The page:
5.  Open Access to the Scientific Journal Literature: Situation 2009 
PLoS ONE  2010;5(6):e11273.
Background
The Internet has recently made possible the free global availability of scientific journal articles. Open Access (OA) can occur either via OA scientific journals, or via authors posting manuscripts of articles published in subscription journals in open web repositories. So far there have been few systematic studies showing how big the extent of OA is, in particular studies covering all fields of science.
Methodology/Principal Findings
The proportion of peer reviewed scholarly journal articles, which are available openly in full text on the web, was studied using a random sample of 1837 titles and a web search engine. Of articles published in 2008, 8,5% were freely available at the publishers' sites. For an additional 11,9% free manuscript versions could be found using search engines, making the overall OA percentage 20,4%. Chemistry (13%) had the lowest overall share of OA, Earth Sciences (33%) the highest. In medicine, biochemistry and chemistry publishing in OA journals was more common. In all other fields author-posted manuscript copies dominated the picture.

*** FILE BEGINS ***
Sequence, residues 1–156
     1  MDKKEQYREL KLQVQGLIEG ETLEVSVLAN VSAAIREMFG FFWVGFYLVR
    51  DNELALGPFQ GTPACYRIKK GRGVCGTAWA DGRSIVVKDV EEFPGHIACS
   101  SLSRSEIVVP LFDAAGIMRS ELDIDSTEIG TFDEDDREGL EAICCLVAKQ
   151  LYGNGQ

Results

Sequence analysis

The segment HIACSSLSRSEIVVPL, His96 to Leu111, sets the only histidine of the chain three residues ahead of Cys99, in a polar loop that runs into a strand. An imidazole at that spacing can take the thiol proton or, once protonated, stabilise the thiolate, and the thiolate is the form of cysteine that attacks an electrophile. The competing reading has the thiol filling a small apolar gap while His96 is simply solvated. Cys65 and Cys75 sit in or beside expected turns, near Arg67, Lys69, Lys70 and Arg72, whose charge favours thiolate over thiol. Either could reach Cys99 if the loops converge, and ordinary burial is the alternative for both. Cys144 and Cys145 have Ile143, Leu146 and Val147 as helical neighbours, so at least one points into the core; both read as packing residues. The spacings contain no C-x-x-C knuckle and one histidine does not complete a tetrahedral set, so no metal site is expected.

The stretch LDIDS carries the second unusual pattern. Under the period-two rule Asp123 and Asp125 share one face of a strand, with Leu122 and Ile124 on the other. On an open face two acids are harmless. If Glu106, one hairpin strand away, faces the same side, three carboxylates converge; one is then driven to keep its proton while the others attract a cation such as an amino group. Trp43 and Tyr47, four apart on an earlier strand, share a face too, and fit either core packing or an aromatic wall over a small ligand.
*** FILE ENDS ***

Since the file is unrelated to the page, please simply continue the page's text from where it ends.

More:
Conclusions/Significance
The results show that OA already has a significant positive impact on the availability of the scientific journal literature and that there are big differences between scientific disciplines in the uptake. Due to the lack of awareness of OA-publishing among scientists in most fields outside physics, the results should be of general interest to all scholars. The results should also interest academic publishers, who need to take into account OA in their business strategies and copyright policies, as well as research funders, who like the NIH are starting to require OA availability of results from research projects they fund. The method and search tools developed also offer a good basis for more in-depth studies as well as longitudinal studies.
doi:10.1371/journal.pone.0011273
PMCID: PMC2890572  PMID: 20585653

Results 1-5 (5)